(Mindfulness) is not about clearing the mind; it’s about focusing on one thing. When the mind wanders, meditation is not a failure. Our brain is like a wayward puppy, out of control. Catching it and putting it back is the object of meditation.

Daniel Goleman

Place Items in the Same Location.

This is certainly something you’ve heard before. It turns out there is a valid explanation for this. The brain has a structure called the hippocampus, which is the same brain area that tells a squirrel where it stashed its nuts… and functions similarly.

The hippocampus has a feature known as “place memory.” This word is apt given that this structure has the extraordinary capacity to link crucial events (such as key placement) to specific locations (your refrigerator).

Take Breaks.

As previously said, your brain has limited resources, one of which is energy. In this regard, the brain is analogous to a computer: the more information that is processed, the more energy is consumed.

Because of this energy consumption, you can’t expect to work in a fast-paced environment for hours on end while maintaining the same degree of efficiency. As a result, breaks are critical for your brain. Do something entertaining and stimulating to make the most of your break.

To Organize Your Schedule, Use a Calendar.

That old calendar in the closet may no longer be required, but using a calendar in some form is still a good idea. Calendars, according to neuroscientists, are excellent at externalizing memories and freeing up brain space.

So acquire an app, utilize Outlook, or just grab a good old-fashioned “flip” calendar. Make utilizing a calendar a habit, and you will notice how much easier, and less stressful your life will become.

Use the Same Password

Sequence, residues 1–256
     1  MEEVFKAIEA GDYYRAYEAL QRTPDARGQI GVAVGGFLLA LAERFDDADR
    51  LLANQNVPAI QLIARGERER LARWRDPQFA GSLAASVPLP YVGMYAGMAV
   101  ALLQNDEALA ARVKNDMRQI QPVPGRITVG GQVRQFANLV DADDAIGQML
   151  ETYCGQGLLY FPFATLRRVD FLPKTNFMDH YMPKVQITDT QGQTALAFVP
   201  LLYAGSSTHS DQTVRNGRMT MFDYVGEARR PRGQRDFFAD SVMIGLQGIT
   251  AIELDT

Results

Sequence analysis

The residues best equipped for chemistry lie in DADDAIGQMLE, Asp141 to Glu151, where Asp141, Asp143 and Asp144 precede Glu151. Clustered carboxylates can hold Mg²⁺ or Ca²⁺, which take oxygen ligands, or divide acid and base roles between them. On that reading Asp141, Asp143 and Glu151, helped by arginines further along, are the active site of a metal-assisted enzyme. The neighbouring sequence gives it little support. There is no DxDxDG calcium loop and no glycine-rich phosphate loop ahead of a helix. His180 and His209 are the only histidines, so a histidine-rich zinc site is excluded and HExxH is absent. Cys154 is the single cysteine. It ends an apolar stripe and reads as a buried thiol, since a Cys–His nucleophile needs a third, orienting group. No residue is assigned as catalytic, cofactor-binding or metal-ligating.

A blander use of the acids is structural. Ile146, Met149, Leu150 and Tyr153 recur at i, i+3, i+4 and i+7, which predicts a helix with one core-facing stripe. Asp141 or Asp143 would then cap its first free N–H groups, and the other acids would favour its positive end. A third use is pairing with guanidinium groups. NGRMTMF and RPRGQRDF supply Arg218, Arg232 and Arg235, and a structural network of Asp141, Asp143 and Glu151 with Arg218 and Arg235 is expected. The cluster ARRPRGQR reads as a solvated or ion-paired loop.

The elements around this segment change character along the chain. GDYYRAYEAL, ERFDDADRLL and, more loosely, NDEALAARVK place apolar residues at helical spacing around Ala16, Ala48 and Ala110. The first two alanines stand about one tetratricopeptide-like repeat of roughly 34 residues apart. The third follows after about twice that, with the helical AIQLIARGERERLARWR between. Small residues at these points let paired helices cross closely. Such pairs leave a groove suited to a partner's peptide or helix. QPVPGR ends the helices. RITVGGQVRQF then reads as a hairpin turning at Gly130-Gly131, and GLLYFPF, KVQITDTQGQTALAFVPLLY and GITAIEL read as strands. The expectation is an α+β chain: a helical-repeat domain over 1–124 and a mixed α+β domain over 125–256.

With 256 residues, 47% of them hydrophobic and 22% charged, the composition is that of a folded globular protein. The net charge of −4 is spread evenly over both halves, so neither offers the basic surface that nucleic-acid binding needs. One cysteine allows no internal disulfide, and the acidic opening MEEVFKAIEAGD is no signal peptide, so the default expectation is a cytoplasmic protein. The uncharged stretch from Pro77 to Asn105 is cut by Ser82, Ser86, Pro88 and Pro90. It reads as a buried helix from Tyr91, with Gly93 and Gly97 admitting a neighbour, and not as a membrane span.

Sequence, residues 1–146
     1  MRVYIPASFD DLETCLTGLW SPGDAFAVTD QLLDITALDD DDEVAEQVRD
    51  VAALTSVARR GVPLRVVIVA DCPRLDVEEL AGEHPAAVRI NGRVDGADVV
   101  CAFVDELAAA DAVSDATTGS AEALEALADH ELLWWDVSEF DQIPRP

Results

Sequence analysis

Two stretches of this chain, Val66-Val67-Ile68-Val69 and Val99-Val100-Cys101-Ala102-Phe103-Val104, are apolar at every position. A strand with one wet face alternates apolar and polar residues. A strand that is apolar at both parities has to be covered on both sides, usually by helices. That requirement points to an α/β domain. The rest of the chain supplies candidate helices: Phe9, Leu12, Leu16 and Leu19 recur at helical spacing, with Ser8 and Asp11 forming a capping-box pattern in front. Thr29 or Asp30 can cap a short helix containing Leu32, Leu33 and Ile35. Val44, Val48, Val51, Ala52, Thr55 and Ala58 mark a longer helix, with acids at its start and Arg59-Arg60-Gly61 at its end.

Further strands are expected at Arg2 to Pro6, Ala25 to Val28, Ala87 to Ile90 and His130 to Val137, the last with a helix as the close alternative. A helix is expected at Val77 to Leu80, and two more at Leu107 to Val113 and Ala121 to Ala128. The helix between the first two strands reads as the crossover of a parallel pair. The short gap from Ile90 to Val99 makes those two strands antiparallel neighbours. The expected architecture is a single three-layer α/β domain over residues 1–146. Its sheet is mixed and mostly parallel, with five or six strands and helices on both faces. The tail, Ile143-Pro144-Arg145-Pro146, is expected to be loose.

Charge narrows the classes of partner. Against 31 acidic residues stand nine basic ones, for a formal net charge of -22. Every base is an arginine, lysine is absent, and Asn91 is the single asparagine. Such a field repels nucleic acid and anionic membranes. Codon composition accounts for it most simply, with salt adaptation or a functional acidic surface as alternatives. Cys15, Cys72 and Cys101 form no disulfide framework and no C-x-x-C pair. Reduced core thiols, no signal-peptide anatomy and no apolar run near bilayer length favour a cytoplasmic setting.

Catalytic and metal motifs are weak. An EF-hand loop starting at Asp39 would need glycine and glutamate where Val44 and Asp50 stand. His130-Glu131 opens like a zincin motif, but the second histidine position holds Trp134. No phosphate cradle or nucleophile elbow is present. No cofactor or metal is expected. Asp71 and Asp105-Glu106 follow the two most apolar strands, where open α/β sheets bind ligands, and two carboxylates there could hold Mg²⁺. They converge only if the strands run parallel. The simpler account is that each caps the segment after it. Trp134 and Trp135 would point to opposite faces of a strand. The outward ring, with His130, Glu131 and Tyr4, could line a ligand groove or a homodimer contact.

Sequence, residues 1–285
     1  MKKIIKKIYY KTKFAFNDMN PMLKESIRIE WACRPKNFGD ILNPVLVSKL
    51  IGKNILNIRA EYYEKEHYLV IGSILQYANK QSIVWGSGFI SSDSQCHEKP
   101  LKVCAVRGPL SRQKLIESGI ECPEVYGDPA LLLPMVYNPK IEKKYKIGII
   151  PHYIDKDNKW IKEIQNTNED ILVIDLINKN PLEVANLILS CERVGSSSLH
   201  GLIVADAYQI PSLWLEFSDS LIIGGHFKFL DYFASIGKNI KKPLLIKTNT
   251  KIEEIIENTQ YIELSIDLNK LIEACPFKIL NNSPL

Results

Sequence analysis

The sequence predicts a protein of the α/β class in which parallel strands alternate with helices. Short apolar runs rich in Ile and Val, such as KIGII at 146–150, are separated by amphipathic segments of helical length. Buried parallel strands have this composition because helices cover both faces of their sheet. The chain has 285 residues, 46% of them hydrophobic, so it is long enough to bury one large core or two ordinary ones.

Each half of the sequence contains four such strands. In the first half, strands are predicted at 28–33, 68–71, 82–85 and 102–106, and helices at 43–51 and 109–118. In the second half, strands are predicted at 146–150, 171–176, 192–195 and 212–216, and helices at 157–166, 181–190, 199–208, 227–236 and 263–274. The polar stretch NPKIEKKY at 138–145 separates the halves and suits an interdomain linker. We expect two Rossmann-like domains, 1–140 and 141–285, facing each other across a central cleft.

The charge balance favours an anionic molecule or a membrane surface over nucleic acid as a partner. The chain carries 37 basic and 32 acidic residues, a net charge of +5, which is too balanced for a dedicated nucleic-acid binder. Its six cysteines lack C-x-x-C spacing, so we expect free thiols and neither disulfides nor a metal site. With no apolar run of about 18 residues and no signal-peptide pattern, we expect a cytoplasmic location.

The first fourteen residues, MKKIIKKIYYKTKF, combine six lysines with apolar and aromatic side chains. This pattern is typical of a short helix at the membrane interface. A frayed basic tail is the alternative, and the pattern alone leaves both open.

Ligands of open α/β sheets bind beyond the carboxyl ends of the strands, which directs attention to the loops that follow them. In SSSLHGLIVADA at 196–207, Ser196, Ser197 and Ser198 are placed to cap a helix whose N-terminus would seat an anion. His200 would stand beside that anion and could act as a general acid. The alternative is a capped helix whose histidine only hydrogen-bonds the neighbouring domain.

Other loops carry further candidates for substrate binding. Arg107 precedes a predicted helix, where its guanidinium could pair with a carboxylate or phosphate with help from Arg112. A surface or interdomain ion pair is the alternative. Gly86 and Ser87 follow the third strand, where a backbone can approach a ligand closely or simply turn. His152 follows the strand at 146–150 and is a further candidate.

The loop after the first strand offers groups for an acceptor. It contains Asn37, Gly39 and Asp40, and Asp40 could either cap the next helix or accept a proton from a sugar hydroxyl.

Nowadays, you need a password for almost everything. Make things easier on yourself by using the same password or a simple version of it. Some apps, particularly those used in the workplace, require password changes for security reasons. A easy option is to replace or add a sign or number.

Remember that your brain is adept at turning repetitive activities into habits. Using the same password or a little variation can make it much easier to remember them while also freeing up some much-needed brain space.

Get Enough Sleep

Sleep was frequently misunderstood until the 1950s. We only knew it was late, tired, and fell asleep until the next morning. Sleep is increasingly recognized as an essential component of brain function by experts. When we don’t get enough sleep, we have focus, coordination, memory, and mood problems.

According to most scientists, adults require a minimum of seven hours of sleep. At least eight hours for teenagers (ages 14-17), nine hours for school-age children (6-13), ten hours for preschoolers (3-5), eleven hours for toddlers (1-2), twelve hours for infants (4-11 months), and fourteen hours for newborns.

Learn Something New

Neuroscience has uncovered something else fascinating about our brains: they are constantly reshaping themselves.

It was originally considered that your brain stopped maturing after a particular age, usually in adolescence. Science has shown that your brain continues to change shape throughout your lifetime.

When you learn anything new, your brain makes new connections. These new connections gradually alter the general structure of the brain area that is being used. This is known as “neuroplasticity,” and its importance extends far beyond learning to areas such as adjusting for severe injuries and disease.

How To Organize Your Life and Organize Your Mind

When I need to order my life and mind again, I go over these six stages and make sure I am still incorporating them into my daily routine. I want to ensure that I am focused and not allow clutter, a lack of planning, or some necessary healthy habits to make my life run more smoothly.

I also use a printable calendar to keep track of holidays and appointments and be prepared for anything that may arise.

If you prefer to arrange your life electronically, I recommend utilizing Google Calendar on your phone to plan out the day, week, and month so you always have a plan and a spot to see what tasks are coming up soon. I’m sure there are other wonderful tools for planning on cell phones that you can utilize.